Cannabis clones inside of a sterile, commercial grow room.

Sarah Climaco

Advocates in Texas say the state’s medical cannabis program may not serve any patients due to the limited product offerings and language in the law requiring physicians to “prescribe” cannabis that may prevent doctors from certifying patients out of fear of violating federal law, the Houston Press reports. The measure was signed by Gov. Greg Abbot in 2015 and as of Sept. 1, three companies had been licensed to grow and produce cannabis and cannabis oils in the state.

Last month, the Texas Cannabis Industry Association sent a letter to the governor’s office and the Department of Public Safety, accusing officials of enacting a broken law that makes the program unworkable, claiming that it requires state agencies to act in good faith in order to work.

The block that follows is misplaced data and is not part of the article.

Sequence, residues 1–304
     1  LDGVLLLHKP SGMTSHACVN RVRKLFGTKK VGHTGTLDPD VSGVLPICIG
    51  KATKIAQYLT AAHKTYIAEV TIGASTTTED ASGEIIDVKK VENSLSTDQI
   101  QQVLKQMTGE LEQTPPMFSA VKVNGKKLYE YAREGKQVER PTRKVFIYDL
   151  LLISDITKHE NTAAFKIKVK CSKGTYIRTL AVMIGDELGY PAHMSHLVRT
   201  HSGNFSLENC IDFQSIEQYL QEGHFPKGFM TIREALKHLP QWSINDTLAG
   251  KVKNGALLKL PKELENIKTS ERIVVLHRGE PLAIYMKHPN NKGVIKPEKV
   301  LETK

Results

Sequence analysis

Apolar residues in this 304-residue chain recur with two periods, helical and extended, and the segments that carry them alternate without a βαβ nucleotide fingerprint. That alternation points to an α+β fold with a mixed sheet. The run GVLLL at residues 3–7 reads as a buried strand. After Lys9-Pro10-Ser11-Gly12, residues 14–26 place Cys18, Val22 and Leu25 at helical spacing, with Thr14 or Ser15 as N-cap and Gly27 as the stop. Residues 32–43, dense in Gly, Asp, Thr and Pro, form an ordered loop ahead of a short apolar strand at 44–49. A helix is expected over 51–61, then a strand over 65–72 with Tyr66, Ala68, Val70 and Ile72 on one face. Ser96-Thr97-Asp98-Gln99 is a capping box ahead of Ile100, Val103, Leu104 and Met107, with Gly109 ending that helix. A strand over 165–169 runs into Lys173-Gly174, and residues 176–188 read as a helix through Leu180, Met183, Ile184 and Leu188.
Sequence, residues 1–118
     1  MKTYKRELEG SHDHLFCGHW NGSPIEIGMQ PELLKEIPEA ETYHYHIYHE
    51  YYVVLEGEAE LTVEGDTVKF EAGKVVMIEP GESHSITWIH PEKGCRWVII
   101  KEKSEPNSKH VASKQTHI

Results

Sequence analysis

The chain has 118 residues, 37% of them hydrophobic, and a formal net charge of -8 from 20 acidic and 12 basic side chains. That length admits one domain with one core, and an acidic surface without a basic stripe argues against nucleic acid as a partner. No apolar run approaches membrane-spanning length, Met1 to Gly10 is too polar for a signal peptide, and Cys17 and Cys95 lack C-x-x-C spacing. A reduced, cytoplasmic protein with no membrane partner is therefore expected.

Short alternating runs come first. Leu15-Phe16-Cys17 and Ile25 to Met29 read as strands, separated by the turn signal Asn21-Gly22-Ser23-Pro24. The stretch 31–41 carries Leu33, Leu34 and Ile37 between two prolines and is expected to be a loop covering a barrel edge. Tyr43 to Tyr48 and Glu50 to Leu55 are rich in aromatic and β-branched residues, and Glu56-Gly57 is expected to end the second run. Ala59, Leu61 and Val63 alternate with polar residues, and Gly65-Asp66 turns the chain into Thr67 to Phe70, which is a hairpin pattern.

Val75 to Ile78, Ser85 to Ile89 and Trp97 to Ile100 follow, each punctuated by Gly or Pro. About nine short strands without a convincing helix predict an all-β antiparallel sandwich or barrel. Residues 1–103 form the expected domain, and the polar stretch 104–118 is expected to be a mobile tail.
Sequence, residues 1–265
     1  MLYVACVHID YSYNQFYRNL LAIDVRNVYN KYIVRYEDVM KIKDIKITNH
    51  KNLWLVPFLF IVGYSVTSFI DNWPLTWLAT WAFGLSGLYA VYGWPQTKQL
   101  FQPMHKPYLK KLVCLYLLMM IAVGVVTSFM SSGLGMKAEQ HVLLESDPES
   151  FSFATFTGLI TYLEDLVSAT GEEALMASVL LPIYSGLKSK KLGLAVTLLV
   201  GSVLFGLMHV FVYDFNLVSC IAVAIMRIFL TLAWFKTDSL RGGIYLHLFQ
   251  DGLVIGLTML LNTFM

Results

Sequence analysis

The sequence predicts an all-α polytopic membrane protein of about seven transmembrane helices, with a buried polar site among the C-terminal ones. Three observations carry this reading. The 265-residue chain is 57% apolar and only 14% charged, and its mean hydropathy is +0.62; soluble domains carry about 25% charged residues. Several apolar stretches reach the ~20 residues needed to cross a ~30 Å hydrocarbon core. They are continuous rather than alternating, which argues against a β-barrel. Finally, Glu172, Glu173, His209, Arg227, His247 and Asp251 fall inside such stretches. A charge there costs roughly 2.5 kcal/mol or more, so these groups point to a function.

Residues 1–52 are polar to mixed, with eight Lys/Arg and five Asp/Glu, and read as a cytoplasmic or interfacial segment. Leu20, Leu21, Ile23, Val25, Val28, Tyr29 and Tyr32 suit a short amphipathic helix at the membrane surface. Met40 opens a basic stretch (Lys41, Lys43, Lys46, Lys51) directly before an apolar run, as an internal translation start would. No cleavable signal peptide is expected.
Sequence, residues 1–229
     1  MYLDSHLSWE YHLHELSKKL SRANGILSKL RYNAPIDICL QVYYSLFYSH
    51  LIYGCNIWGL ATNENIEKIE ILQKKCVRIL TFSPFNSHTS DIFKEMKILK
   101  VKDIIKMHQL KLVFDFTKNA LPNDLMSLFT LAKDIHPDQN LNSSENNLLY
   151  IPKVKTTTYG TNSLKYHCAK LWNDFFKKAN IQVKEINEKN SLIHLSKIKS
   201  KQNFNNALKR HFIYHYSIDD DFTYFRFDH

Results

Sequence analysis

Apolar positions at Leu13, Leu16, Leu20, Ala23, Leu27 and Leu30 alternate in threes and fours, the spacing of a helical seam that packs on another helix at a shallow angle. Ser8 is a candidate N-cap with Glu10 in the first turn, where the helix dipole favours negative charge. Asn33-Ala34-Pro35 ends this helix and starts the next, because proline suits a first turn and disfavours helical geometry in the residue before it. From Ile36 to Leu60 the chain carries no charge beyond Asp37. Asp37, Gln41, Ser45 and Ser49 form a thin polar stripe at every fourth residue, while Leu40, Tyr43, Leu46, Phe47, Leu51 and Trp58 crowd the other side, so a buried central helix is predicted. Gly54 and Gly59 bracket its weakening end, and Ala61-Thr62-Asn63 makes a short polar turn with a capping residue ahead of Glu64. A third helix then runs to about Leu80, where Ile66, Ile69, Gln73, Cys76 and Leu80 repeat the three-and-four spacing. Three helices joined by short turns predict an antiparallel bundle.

And while physicians in states with medical cannabis programs are permitted to “recommend” cannabis, which is codified by a 2002 Ninth Circuit Court of Appeals ruling, they are not allowed under federal law to “prescribe” cannabis – a requirement of the Texas program.

Heather Fazio, spokeswoman for the Texas Marijuana Policy Project, said the group is concerned the language will prevent doctors from registering with the program.

However, state Rep. Stephanie Klick, who introduced the House version of the law, said the language was what physicians “felt comfortable with.” While Rusty Payne, a Drug Enforcement Administration spokesman was adamant that physicians could not prescribe a Schedule I substance.

“If a medicine could be prescribed, it would not be Schedule I,” he said in the report. “Does that make sense?”

The only way to change the language is via the Legislature.

Advocates also argue that since the law limits THC content in the oils at 0.5 percent, patients can obtain similar products, derived from industrial hemp with 0.3 percent THC, on the Internet, making Texas’ law relatively moot.

Get daily news insights in your inbox. Subscribe

End


Partner Content